Shaker electricity bill Heights was established in 1909, and incorporated as a village in 1912. [22] Shaker Heights is home to the oldest house in Cuyahoga County built in 1817, by Moses Warren. [23] The name Shaker Heights has origins in two local sources. The community was laid out on land formerly owned by the North Union Community of the United Society gas welder job description of Believers in Christ’s Second Appearing, more commonly known as Shakers. Heights refers to the plateau east of Cleveland that rises sharply in elevation from 582 feet above sea level at the base of the Cedar Glen Parkway rising to 950 feet above sea level in nearby Cleveland Heights; Shaker Heights’ elevation is 1050 feet above sea level.

In 1905, the land was bought by brothers M.J. and O.P. Van Sweringen who envisioned the first garden styled suburb in Ohio for the site. [25] The brothers constructed homes, set aside land for churches and schools, and planted trees. Originally referred to as Shaker Village, the community was incorporated in 1912 and reached city status in 1931. [26]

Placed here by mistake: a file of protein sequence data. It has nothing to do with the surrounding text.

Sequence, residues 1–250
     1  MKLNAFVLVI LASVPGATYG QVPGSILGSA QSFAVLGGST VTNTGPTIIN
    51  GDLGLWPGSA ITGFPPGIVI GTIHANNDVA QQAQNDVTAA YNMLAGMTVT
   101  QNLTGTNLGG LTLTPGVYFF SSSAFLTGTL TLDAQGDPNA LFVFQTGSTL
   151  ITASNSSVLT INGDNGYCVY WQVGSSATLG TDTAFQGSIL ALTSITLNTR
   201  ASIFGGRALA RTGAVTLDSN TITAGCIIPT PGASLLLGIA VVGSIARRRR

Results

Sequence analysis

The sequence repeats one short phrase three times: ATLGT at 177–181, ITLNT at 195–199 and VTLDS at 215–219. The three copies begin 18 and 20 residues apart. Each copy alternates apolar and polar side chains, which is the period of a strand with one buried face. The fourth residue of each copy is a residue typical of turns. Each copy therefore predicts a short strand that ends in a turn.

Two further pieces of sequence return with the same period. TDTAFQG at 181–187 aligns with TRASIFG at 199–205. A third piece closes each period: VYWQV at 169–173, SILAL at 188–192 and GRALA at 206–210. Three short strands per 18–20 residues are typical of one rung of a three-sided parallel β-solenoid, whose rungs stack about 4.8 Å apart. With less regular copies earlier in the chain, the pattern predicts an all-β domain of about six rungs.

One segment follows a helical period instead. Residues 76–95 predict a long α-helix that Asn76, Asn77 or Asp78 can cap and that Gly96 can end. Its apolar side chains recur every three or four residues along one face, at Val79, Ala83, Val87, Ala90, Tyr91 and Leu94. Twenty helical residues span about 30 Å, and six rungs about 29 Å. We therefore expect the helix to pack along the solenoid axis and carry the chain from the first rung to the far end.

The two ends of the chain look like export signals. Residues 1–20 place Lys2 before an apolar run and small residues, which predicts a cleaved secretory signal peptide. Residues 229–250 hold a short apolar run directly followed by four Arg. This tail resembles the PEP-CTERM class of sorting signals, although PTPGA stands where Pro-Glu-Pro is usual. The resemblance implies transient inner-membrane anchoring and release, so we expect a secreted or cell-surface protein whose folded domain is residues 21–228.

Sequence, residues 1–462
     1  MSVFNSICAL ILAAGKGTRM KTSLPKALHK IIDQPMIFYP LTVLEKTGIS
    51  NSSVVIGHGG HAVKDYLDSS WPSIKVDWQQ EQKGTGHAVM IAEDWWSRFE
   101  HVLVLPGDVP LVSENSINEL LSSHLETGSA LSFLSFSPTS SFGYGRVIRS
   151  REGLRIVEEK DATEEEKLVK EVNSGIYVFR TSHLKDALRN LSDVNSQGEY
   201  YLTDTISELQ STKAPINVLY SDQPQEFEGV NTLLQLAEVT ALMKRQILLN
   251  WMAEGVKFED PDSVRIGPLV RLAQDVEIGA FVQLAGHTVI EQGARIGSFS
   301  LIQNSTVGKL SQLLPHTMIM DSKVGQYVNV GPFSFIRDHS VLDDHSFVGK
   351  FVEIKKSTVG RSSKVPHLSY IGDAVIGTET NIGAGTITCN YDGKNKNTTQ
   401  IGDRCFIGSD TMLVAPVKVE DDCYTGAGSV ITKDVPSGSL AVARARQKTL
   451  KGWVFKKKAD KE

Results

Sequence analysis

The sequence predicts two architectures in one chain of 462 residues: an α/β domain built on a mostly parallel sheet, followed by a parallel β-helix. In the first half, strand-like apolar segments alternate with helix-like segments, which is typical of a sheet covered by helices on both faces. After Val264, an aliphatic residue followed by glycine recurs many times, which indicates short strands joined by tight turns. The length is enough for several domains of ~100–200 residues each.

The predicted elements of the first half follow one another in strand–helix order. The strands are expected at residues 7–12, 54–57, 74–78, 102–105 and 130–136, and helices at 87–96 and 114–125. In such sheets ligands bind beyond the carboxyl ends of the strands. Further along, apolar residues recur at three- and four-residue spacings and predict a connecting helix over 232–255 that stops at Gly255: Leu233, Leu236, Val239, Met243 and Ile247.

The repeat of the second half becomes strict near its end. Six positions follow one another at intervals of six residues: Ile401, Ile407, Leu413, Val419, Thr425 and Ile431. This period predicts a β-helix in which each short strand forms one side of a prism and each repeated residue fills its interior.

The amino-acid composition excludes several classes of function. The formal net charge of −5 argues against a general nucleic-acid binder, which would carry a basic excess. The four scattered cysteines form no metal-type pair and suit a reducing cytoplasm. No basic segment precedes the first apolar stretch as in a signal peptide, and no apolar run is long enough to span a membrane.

The Van Sweringens acquired the New York, Chicago and St. Louis Railroad (Nickel Plate Road) in order to secure the right of way needed to establish a rapid transit interurban streetcar system that would carry residents of Shaker Heights to and from downtown Cleveland. The resulting system was known as the Shaker Heights Rapid Transit. The Rapid Transit system was transferred into the Greater Cleveland Regional Transit Authority (RTA) in the 1970s, which combined the operation of all bus systems in the county with the operation of the Shaker and Cleveland Transit System west side rapid lines. [21] Shaker Heights and Greater Cleveland refer to the system and to the trains as The Rapid Transit, Rapid or Shaker Rapid. While originally envisioned to extend from downtown Cleveland fourteen miles to the community of Hunting Valley (then called Shaker Estates), the system expansion electricity facts ended at Green Road in eastern Shaker Heights following the collapse of the Van Sweringen rail empire during the Great Depression.

Efforts toward integration began in the late 1950s with neighbors in the Ludlow Elementary School area working together to make integration successful. [12] As a result, Shaker Heights avoided many of the problems created from practices such as blockbusting and white flight. In 1986, the city began a Fund for the Future of Shaker Heights, offering loans for down payments for residents buying homes in segregated neighborhoods, creating multi-ethnic neighborhoods. [29] Today, the city maintains a housing assistance office that works with home buyers to achieve and maintain neighborhood integration.